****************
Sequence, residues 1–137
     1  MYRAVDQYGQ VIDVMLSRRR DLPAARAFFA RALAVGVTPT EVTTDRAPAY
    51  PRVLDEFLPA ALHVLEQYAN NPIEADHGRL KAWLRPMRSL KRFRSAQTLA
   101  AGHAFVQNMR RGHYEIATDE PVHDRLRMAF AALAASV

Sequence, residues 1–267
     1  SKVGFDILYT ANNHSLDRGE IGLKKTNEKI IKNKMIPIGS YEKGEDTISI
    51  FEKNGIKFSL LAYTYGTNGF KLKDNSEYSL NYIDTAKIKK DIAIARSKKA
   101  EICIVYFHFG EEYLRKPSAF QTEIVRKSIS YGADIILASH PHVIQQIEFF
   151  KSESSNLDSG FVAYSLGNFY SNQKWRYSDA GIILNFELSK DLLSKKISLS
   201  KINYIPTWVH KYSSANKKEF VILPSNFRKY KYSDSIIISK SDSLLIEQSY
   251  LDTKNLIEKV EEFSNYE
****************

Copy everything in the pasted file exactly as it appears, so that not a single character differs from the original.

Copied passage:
Sequence, residues 1–137
     1  MYRAVDQYGQ VIDVMLSRRR DLPAARAFFA RALAVGVTPT EVTTDRAPAY
    51  PRVLDEFLPA ALHVLEQYAN NPIEADHGRL KAWLRPMRSL KRFRSAQTLA
   101  AGHAFVQNMR RGHYEIATDE PVHDRLRMAF AALAASV

Sequence, residues 1–267
     1  SKVGFDILYT ANNHSLDRGE IGLKKTNEKI IKNKMIPIGS YEKGEDTISI
    51  FEKNGIKFSL LAYTYGTNGF KLKDNSEYSL NYIDTAKIKK DIAIARSKKA
   101  EICIVYFHFG EEYLRKPSAF QTEIVRKSIS YGADIILASH PHVIQQIEFF
   151  KSESSNLDSG FVAYSLGNFY SNQKWRYSDA GIILNFELSK DLLSKKISLS
   201  KINYIPTWVH KYSSANKKEF VILPSNFRKY KYSDSIIISK SDSLLIEQSY
   251  LDTKNLIEKV EEFSNYE